Student: What were Tipu’s dreams like?
Teacher: They are intriguing to read. The manuscript was translated by Mahmud Husain, a professor of History at the University of Karachi. Tipu recorded 37 of his dreams from 1785, when he was 34, to 1798, the year before his death. Most of the dreams suggest wish-fulfilment. In several, he is offered ethereally tasty food and drink. For example, in dream 28, Tipu is given three silver trays with delicious dates. This he interprets as getting three dominions—of the British, the Marathas, and the Nizam—on silver plate, as it were.
Student: What an extraordinary self-confidence or, should I say, self-delusion?
Teacher: Yes. Tragic, almost. Tipu wanted to drive out the British, defeat the “unbelievers,” and even place a person of his own choosing on the Delhi throne. He also had dreams of the Kaaba, the Prophet, and other Islamic sacred symbols and figures.
Student: And Karnad uses these dreams to show him a modern sort of person, a nationalist?
Teacher: Yes, that’s the idea. In 2015, Karnad even said that instead of naming the Bengaluru International Airport (BIAL) after Kempegowda, the founder of Bengaluru, it should be named after Tipu. Karnad argued that after all, Tipu was born in Devanahalli, where the airport is located. Predictably, riots broke out. Karnad had to apologise.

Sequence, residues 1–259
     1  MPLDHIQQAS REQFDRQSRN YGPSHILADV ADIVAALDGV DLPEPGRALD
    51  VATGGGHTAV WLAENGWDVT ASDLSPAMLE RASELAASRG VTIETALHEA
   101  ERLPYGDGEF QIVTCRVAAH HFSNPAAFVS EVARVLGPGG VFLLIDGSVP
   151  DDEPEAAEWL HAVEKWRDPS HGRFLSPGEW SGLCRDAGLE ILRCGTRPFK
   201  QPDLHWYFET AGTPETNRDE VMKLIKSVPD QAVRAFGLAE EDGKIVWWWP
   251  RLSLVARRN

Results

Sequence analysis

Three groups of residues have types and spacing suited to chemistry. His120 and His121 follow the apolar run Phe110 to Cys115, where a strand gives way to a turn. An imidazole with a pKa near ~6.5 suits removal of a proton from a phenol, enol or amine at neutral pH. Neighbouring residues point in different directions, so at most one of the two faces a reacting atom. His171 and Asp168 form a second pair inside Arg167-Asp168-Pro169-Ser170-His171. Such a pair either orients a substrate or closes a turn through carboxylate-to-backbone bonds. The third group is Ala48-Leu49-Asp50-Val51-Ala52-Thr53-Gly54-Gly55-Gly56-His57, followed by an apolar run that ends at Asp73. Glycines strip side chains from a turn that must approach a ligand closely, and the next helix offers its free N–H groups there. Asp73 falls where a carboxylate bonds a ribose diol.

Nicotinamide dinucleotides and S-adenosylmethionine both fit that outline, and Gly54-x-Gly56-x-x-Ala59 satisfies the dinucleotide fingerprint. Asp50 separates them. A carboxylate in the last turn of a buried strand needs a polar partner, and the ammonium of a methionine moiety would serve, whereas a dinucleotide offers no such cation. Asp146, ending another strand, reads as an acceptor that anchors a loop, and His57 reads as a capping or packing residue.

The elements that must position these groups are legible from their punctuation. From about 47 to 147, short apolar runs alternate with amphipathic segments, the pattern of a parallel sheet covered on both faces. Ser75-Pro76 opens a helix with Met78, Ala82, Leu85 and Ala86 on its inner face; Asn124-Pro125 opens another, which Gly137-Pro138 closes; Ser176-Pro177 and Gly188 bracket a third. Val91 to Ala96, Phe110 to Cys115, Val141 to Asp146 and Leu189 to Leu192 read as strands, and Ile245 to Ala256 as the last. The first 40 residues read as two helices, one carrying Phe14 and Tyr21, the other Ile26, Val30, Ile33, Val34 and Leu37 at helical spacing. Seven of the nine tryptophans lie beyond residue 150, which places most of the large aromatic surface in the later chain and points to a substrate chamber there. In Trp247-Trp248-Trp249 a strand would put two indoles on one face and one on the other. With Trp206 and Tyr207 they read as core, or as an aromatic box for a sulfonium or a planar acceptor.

Student: So, Karnad’s play does not succeed in whitewashing Tipu?
Teacher: Whatever his play might show, the historical facts can’t be ignored. Even Tipu’s dream journal shows him to be an Islamist chieftain, constantly referring to the Hindus as “unbelievers”. He saw himself as a Ghazi, in the mould of a Muslim conqueror, converter of Hindus to Islam, and establisher of Muslim rule in the subcontinent.
Student: But his dreams did not come true?
Teacher: No. The British star was on the ascendant. Tipu was killed in the siege of Seringapatam or Srirangapatna on May 4, 1799. The Marathas and the Nizam of Hyderabad supported the British, the latter supplying 10 battalions, with some 16,000 cavalrymen. The British placed the Wodeyars from whom Hyder Ali, Tipu’s father had usurped power back on the Mysore throne.
Student: What is Bhyrappa’s take on Tipu?